One year ago: Rena 'Rusty' Kanokogi
Rena "Rusty" Kanokogi had to pose as a man to compete in a sport she loved. By her perseverance, however, she successfully got women's judo into the Olympics and became the coach of the U.S. team. Kanokogi died one year ago at age 74.
Brooklyn-born Kanokogi learned judo from someone in her neighborhood, but her attempts to compete in the city's judo clubs were met with resistance. Although she won the 1959 New York State YMCA judo championships, she was forced to hand over her medal when she revealed her gender.
She persevered, however, and traveled to Japan where she became the first woman at the main dojo with men. She later returned to the United States and slowly drummed up support for women in the sport.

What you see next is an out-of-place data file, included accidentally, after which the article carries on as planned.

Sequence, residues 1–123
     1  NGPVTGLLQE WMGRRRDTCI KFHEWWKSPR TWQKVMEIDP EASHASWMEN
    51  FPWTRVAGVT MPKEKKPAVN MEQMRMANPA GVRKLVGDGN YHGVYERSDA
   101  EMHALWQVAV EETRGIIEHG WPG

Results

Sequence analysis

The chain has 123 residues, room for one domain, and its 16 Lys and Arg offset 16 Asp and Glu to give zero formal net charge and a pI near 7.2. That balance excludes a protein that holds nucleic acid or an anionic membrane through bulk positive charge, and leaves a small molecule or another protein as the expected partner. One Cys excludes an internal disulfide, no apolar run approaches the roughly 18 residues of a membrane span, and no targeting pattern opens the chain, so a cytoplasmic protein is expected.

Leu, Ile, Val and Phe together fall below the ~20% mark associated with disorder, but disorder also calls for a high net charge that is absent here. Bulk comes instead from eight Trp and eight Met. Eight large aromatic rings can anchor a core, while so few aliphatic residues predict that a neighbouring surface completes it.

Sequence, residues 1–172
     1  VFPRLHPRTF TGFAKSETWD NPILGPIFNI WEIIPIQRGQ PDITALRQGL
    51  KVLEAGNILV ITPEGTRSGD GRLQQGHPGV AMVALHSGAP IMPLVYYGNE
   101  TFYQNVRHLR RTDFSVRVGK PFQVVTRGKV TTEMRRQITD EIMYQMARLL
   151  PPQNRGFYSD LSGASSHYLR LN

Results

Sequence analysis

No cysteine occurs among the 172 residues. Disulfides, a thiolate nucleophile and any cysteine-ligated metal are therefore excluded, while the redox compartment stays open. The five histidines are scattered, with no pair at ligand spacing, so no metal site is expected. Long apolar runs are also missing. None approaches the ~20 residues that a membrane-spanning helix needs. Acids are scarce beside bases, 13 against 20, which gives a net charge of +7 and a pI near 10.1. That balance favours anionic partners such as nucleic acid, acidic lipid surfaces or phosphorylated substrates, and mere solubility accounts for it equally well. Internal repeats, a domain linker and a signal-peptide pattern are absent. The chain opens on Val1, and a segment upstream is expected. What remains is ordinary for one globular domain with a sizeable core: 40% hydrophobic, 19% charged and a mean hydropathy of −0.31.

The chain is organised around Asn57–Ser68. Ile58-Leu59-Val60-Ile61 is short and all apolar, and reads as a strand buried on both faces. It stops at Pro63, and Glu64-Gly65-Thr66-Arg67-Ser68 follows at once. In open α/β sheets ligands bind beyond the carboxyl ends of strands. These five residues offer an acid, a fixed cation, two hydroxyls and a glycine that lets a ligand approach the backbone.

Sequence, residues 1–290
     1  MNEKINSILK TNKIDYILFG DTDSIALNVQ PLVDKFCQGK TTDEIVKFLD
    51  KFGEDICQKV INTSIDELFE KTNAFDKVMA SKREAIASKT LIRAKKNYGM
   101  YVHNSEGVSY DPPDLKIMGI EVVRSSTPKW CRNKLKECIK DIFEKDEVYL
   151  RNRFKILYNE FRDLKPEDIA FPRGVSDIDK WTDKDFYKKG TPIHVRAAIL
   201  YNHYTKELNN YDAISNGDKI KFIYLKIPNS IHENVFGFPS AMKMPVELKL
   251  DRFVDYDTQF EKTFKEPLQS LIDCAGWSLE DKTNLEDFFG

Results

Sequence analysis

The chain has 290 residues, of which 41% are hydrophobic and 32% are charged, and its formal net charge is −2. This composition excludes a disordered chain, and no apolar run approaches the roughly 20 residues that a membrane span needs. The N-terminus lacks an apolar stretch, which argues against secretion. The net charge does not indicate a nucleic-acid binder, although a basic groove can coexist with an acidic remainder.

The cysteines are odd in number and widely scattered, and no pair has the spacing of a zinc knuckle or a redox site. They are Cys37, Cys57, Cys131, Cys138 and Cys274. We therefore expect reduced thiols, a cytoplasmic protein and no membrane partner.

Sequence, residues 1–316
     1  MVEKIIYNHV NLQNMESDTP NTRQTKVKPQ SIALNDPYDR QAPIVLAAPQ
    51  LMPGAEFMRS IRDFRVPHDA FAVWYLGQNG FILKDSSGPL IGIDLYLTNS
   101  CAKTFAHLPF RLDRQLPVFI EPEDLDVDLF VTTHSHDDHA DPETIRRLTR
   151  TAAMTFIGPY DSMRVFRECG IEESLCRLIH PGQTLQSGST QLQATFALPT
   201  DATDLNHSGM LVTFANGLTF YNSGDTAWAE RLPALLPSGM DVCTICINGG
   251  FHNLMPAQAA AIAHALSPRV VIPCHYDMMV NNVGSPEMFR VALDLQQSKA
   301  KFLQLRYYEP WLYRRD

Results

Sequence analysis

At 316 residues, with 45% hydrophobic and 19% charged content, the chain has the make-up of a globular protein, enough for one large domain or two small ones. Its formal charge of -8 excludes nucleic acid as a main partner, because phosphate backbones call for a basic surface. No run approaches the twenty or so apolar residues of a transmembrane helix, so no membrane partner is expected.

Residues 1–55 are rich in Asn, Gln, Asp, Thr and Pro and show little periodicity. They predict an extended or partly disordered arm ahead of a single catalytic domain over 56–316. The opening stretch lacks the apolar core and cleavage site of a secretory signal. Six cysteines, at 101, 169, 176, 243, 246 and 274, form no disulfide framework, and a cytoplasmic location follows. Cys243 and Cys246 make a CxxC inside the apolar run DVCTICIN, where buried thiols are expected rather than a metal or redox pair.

"It was everything piece by piece," she said of organizing the 1980 world championships in New York. "I didn't care if I slept or ate. It was do or die."
Men's judo became an Olympic sport in the 1964 Games, and Kanokogi threatened legal action if women's judo was not treated equally.
Her efforts were rewarded when women's judo joined the Olympics in 1988 with Kanokogi as U.S. coach. And last year, the Brooklyn YMCA awarded her the gold medal she was forced to give up in 1959.
Kanokogi in 2008 received the Emperor's Award of the Rising Sun, bestowed on foreigners who have had a positive influence on Japanese society.
For more on the woman who fought for women's judo, read Rena Kanokogi's obituary by The Times.
-- Michael Farr
Photo: Rena Kanokogi displays the gold medal for the 1959 New York State YMCA Judo Championships that was stripped from her when it was discovered she was a woman competing against men. It was returned in 2009. Credit: Associated Press